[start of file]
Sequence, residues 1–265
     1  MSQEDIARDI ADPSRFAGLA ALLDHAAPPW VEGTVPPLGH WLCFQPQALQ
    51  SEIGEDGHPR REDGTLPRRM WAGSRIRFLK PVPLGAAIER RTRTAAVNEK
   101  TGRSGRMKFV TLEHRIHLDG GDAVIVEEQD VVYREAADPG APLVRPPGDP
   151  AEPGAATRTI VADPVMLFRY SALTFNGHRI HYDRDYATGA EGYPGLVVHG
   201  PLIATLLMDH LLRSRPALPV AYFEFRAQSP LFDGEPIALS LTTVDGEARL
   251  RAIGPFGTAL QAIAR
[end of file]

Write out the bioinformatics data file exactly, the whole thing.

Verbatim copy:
Sequence, residues 1–265
     1  MSQEDIARDI ADPSRFAGLA ALLDHAAPPW VEGTVPPLGH WLCFQPQALQ
    51  SEIGEDGHPR REDGTLPRRM WAGSRIRFLK PVPLGAAIER RTRTAAVNEK
   101  TGRSGRMKFV TLEHRIHLDG GDAVIVEEQD VVYREAADPG APLVRPPGDP
   151  AEPGAATRTI VADPVMLFRY SALTFNGHRI HYDRDYATGA EGYPGLVVHG
   201  PLIATLLMDH LLRSRPALPV AYFEFRAQSP LFDGEPIALS LTTVDGEARL
   251  RAIGPFGTAL QAIAR